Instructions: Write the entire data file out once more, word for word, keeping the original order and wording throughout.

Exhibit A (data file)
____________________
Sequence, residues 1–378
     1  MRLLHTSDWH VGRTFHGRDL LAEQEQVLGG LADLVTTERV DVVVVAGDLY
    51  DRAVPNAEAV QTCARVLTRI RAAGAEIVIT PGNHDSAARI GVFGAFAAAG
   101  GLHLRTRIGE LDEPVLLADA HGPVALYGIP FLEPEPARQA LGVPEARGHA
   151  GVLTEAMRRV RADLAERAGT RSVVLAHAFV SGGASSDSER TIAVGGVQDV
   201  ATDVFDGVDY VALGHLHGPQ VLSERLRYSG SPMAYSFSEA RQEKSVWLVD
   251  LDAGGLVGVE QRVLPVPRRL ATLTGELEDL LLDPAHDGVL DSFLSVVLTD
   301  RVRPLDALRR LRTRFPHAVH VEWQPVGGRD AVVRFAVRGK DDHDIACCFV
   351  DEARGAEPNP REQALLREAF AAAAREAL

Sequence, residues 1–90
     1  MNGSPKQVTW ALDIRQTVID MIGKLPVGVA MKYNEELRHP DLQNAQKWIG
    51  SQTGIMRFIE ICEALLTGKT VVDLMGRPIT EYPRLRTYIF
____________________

Sequence, residues 1–378
     1  MRLLHTSDWH VGRTFHGRDL LAEQEQVLGG LADLVTTERV DVVVVAGDLY
    51  DRAVPNAEAV QTCARVLTRI RAAGAEIVIT PGNHDSAARI GVFGAFAAAG
   101  GLHLRTRIGE LDEPVLLADA HGPVALYGIP FLEPEPARQA LGVPEARGHA
   151  GVLTEAMRRV RADLAERAGT RSVVLAHAFV SGGASSDSER TIAVGGVQDV
   201  ATDVFDGVDY VALGHLHGPQ VLSERLRYSG SPMAYSFSEA RQEKSVWLVD
   251  LDAGGLVGVE QRVLPVPRRL ATLTGELEDL LLDPAHDGVL DSFLSVVLTD
   301  RVRPLDALRR LRTRFPHAVH VEWQPVGGRD AVVRFAVRGK DDHDIACCFV
   351  DEARGAEPNP REQALLREAF AAAAREAL

Sequence, residues 1–90
     1  MNGSPKQVTW ALDIRQTVID MIGKLPVGVA MKYNEELRHP DLQNAQKWIG
    51  SQTGIMRFIE ICEALLTGKT VVDLMGRPIT EYPRLRTYIF